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The beloved sequel to the bestselling classic, Mastering the Art of French Cooking, Volume II presents more fantastic step-by-step French recipes for home cooks.
Working from the principle that “mastering any art is a continuing process,” Julia Child and Simone Beck gathered together a brilliant selection of new dishes to bring you to a yet higher level of culinary mastery.
They have searched out more of the classic dishes and regional specialties of France, and adapted them so that Americans, working with American ingredients, in American kitchens, can achieve the incomparable flavors and aromas that bring up a rush of memories—of lunch at a country inn in Provence, of an evening at a great Paris restaurant, of the essential cooking of France.
From French bread to salted goose, from peasant ragoûts to royal Napoleons, recipes are written with the same detail, exactness, and clarity that are the soul of Mastering the Art of French Cooking.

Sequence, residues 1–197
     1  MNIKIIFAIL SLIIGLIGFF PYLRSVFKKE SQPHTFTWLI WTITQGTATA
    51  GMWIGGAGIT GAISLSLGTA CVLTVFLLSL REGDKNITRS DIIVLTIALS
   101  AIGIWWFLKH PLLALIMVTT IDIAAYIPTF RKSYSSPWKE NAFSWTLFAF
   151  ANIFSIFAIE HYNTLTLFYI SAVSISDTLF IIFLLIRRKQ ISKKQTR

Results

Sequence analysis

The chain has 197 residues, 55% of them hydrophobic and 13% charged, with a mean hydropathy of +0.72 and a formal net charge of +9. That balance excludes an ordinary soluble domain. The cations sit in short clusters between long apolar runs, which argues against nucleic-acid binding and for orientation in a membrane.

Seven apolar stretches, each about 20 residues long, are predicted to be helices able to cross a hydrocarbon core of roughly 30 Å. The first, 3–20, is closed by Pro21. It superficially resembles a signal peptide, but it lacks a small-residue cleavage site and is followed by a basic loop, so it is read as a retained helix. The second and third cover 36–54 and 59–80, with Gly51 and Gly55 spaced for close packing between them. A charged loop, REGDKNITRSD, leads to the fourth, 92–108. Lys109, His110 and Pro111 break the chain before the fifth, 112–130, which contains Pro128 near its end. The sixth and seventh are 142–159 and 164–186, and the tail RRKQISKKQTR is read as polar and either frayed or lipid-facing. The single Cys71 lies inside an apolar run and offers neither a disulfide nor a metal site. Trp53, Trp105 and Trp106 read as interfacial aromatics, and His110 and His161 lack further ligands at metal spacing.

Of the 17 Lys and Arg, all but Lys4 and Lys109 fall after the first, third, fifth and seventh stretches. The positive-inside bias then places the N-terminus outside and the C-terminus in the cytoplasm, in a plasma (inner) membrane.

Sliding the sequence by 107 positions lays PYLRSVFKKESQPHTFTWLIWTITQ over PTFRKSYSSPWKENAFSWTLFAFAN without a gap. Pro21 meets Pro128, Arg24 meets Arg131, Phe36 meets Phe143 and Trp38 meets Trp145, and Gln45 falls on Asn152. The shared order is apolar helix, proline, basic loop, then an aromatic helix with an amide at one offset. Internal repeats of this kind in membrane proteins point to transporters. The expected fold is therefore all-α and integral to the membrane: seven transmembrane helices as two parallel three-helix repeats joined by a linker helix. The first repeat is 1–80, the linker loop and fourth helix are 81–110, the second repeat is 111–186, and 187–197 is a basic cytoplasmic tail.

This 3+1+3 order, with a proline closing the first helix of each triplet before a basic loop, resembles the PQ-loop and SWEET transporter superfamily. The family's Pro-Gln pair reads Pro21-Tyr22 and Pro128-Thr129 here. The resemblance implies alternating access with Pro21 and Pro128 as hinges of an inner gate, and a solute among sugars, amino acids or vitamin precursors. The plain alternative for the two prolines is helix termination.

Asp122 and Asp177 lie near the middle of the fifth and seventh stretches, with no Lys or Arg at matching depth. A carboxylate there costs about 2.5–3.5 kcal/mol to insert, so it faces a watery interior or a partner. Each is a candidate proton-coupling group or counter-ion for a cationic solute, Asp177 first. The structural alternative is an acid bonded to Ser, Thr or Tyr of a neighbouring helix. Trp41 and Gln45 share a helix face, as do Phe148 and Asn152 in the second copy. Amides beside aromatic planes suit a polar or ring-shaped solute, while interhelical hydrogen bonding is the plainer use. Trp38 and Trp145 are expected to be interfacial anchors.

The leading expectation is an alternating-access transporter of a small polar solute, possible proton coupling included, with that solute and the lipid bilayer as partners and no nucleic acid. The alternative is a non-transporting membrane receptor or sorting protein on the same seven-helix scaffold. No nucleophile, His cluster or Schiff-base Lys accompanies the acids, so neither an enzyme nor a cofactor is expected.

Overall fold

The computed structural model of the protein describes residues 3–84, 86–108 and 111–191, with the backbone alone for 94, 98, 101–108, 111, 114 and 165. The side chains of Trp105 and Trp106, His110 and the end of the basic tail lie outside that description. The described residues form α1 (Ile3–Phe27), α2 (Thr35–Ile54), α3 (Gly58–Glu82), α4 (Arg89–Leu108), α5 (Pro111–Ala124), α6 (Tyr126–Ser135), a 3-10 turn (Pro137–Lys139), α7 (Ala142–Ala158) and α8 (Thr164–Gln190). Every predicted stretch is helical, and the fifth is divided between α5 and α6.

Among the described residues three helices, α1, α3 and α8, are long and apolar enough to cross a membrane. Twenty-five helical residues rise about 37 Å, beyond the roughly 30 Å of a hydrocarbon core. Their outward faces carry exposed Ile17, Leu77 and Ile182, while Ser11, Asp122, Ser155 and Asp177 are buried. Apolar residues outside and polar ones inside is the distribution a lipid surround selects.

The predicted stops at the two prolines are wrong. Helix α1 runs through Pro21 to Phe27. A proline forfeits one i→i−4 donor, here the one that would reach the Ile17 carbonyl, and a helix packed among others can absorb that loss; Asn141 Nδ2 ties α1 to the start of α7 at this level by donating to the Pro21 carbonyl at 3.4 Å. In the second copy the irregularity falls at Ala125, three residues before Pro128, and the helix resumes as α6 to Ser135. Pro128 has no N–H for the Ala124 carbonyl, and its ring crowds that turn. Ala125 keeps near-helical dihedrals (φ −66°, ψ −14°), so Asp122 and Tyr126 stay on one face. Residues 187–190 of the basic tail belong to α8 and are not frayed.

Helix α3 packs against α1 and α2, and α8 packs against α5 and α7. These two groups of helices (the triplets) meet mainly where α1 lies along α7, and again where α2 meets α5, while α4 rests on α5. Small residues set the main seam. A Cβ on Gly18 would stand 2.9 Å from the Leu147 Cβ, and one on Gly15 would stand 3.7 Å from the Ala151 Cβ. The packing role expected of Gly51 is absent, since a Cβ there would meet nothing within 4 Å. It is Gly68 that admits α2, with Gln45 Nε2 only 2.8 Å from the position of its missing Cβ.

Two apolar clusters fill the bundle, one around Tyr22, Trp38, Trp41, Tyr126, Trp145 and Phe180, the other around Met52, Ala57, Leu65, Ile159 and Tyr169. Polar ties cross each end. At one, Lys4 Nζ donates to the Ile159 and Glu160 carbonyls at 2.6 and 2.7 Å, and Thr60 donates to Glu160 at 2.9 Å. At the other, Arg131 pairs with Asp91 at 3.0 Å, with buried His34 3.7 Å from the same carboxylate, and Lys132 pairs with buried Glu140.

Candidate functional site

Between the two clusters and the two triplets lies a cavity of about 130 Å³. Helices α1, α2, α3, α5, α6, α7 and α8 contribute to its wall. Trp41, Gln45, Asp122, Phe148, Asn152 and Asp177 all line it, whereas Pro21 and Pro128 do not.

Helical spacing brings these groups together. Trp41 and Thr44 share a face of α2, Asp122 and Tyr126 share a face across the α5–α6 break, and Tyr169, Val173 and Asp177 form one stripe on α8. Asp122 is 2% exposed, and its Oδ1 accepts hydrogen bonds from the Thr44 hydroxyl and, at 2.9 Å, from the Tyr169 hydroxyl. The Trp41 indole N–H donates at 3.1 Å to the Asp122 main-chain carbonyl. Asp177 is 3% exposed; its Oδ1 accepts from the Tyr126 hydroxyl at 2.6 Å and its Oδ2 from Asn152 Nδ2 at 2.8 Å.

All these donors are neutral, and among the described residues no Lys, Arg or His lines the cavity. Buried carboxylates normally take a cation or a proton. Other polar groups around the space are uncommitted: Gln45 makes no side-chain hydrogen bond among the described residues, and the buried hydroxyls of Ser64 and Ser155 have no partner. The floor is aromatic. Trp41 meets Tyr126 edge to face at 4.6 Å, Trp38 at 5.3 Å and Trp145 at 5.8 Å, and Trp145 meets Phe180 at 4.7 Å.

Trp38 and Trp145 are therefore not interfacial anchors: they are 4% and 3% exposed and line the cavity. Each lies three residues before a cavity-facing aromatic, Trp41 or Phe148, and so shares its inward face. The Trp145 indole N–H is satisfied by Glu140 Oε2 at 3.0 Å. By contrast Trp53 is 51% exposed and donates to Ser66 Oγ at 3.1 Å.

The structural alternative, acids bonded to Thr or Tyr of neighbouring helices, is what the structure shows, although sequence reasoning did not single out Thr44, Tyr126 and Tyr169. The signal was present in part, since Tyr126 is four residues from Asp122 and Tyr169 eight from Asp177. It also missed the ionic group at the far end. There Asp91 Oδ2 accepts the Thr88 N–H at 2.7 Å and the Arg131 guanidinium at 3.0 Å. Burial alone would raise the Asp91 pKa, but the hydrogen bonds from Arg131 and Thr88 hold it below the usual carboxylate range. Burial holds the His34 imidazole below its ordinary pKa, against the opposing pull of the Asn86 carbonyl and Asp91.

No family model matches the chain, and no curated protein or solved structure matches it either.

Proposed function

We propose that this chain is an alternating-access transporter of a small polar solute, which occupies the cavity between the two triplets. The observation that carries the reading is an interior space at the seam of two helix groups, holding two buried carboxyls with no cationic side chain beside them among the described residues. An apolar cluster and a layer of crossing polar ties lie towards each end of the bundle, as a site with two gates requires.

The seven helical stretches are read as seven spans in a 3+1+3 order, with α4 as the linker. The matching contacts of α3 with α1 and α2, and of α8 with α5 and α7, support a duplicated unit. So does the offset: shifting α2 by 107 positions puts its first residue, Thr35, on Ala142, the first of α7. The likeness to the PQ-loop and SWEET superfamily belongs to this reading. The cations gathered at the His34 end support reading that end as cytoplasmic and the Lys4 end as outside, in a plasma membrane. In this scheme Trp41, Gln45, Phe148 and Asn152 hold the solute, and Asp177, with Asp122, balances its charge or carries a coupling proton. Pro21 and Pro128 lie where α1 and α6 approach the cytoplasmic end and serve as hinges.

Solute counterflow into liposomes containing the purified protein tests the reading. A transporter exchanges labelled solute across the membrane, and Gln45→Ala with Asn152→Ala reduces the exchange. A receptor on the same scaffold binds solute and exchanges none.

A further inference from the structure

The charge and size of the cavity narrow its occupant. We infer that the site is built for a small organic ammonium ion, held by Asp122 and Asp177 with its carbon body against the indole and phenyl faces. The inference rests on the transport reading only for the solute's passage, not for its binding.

Julia Child was born in Pasadena, California. She graduated from Smith College and worked for the OSS during World War II; afterward she lived in Paris, studied at the Cordon Bleu, and taught cooking with Simone Beck and Louisette Bertholle, with whom she wrote the first volume of Mastering the Art of French Cooking (1961). In 1963, Boston’s WGBH launched The French Chef television series, which made Julia Child a national celebrity, earning her the Peabody Award in 1965 and an Emmy in 1966. Several public television shows and numerous cookbooks followed. She died in 2004.
Simone ("Simca") Beck was born in 1904 at Tocqueville en Caux, Normandy. In 1933, she began to study at the Cordon Bleu, then the world’s supreme school of cuisine. In 1948 she was approached by a friend, Louisette Bertholle (now Comtesse de Nalèche), to collaborate on a French cookbook for Americans. In 1951, at the suggestion of her husband, they began to search for an American to help them, and a friend introduced Simca to Julia Child, then studying cooking in Paris. Soon afterward, the three women formed a cooking school, L’École des Trois Gourmandes, and began the collaboration that produced the several volumes of Mastering the Art of French Cooking. She died in 1991.